published on Mon Oct 16 16:07:03 2006 in news
(This article is contributed by Mike Hommey)
There have been quite some comments on the Iceweasel case all over the planets, and I saw several assertions, especially from the Mozilla® camp, that I, as the Firefox® co-maintainer, the xulrunner maintainer, and (soon)
Seamonkey™iceape co-maintainer, have to rectify.
They broke the –enable-official-branding flag
Half-true. We just replaced Bon Echo/Deer Park with Firefox® at the appropriate places in the build tree so that we could have Firefox® with the “unbranded” logo instead of the official logo, as Gervase Markham gave us authorization for. You’re still free to enable the official branding, except that since the logos and stuff are non-free, we removed the other-licenses/branding/ directory from the original tarball, thus yes, the flag is half broken.
Firefox® logos being subject to trademarks, Debian thinks they are not free.
Trademark and copyright are different things. Mozilla® has unnecessarily given a non-free license to “clarify” the trademark situation, but that is not required. To make it clear: Debian thinks the logos are not free because they are not free. Period.
Debian isn’t properly collaborating with Mozilla®, sending unusable 100000-lines patches for validation just before releases (as seen on Lucas Nussbaum’s blog,
who reports on chats he had with
people from Mozilla Europe during a french Free Software event)
Let me take the firefox_2.0~rc1+dfsg-1.diff.gz file, strip the debian directory from it (it only contains maintainer scripts, our set of icons and some debian specific searchplugins), and strip the configure diff that is generated by autoconf due to some changes in configure.in… that’s exactly 2654 lines of diff. Very far from the 100000-lines patches they are claiming.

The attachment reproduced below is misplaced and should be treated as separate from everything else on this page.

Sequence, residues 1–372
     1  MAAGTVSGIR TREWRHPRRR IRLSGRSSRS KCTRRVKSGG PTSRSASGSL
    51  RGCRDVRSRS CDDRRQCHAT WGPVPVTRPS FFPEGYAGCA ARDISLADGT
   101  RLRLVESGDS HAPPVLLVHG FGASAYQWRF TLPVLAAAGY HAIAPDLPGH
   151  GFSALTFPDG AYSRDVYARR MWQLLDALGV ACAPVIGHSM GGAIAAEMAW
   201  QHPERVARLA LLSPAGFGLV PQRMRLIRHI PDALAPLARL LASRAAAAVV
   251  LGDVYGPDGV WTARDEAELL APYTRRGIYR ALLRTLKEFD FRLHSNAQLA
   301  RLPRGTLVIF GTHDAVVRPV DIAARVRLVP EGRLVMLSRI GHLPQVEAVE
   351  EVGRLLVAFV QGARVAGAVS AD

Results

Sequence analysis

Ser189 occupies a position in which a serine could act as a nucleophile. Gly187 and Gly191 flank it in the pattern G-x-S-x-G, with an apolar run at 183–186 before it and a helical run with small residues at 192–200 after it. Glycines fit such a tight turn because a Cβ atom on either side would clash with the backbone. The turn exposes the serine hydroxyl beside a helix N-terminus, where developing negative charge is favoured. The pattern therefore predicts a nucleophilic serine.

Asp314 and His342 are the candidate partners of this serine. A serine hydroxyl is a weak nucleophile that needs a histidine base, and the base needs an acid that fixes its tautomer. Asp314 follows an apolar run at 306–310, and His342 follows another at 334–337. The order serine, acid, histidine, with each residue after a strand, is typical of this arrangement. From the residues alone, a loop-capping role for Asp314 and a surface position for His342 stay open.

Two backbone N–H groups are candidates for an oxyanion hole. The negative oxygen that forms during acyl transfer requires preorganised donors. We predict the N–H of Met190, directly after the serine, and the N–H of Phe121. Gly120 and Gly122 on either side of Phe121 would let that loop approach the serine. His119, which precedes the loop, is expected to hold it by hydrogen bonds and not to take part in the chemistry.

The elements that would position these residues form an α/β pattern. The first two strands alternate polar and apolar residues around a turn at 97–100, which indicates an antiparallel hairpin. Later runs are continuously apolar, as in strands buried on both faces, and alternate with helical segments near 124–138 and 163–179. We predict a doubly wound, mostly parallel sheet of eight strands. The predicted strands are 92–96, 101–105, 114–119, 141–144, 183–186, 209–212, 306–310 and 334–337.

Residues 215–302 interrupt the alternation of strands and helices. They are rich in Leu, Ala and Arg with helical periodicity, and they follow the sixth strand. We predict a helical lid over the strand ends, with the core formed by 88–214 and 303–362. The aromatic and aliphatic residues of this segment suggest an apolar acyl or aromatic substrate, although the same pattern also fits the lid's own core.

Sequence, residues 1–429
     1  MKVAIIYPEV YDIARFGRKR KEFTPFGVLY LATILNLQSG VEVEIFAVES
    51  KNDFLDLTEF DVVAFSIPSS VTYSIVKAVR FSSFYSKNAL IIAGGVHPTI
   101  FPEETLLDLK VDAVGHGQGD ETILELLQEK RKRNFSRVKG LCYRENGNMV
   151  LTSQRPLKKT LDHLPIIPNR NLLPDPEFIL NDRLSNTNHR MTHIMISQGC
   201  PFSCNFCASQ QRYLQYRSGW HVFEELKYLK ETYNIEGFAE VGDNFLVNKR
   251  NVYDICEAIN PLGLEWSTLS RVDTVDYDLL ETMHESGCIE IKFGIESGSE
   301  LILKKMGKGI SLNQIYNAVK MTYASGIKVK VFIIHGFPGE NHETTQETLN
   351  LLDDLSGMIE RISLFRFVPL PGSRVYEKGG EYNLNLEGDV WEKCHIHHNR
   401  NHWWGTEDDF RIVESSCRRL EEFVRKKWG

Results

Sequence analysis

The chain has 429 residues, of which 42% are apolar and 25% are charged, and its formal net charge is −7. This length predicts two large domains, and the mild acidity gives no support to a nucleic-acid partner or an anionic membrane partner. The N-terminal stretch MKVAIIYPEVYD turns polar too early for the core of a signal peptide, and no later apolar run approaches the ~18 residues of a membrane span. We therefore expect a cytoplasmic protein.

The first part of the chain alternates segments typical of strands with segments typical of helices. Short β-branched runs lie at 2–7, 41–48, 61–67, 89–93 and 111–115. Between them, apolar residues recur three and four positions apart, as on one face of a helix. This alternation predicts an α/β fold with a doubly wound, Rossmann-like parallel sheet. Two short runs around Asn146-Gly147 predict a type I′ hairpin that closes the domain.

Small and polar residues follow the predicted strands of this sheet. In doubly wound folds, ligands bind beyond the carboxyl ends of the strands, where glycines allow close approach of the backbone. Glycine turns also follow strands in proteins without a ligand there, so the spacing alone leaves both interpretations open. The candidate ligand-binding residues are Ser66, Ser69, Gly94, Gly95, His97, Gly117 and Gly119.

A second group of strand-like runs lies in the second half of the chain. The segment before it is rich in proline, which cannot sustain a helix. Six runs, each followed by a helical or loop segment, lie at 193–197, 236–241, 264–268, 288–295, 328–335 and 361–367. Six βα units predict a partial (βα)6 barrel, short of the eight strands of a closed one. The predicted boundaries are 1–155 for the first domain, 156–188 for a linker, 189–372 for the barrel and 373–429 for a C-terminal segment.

The Mozilla people talked about Debian-specific changes that changed frozen APIs, breaking extensions (from Lucas’s blog again).
So, let’s dig into our firefox_2.0~rc1+dfsg-1.diff.gz:
- Changes to disable application upgrade (we want that to happen through apt-get) and change some other default preferences,
- Changes to fix “make distclean” so that it really cleans the build directory,
- Change not to build the “mangle” utility,
- Change not to call netstat to generate entropy, which is useless on linux,
- Changes to make Firefox® build and work on architectures such as hppa, mips, mips64, m68k, ia64, sparc64, alpha, and arm, which the Mozilla® guys don’t seem to care much for,
- Change to add a preference directory so that users can put their set of customized preferences in /etc/firefox/pref,
- Change to allow to build flat chrome without the zip utility,
- Change to allow to use system library for myspell, instead of statically linking the bundled one,
- Changes to allow to build s390 binaries on s390x host with s390 toolchain (same applies with x86 binaries on amd64 host with x86 toolchain),
- Changes to work around bugs with the hidden visibility pragma on gcc,
- Changes to make the pango backend actually build correctly,
- Changes to avoid some error messages while trying to create Makefiles from inexistant Makefile.in’s,
- Change to install in /usr/lib/firefox instead of /usr/lib/firefox-x.y,
- Change not to build useless chromelist.txt files,
- Changes to make helper applications with parameters work,
- Changes to allow builds against GTK 2.8,
- Changes to work around an Xrender bug,
- Changes to make the Gecko/yymmdddd string taken from preferences instead of being half-hard-coded (you could change it with preferences, but it would still be set to the hard-coded value at start time ; and you could change it again with preferences…),
- Change to allow mice extra buttons to act as something else than a left button,
- Change to allow to build with -Wl,–as-needed to avoid linking against a whole lot of useless libraries, without losing the link on libxpcom.so which is required by some extensions’ components,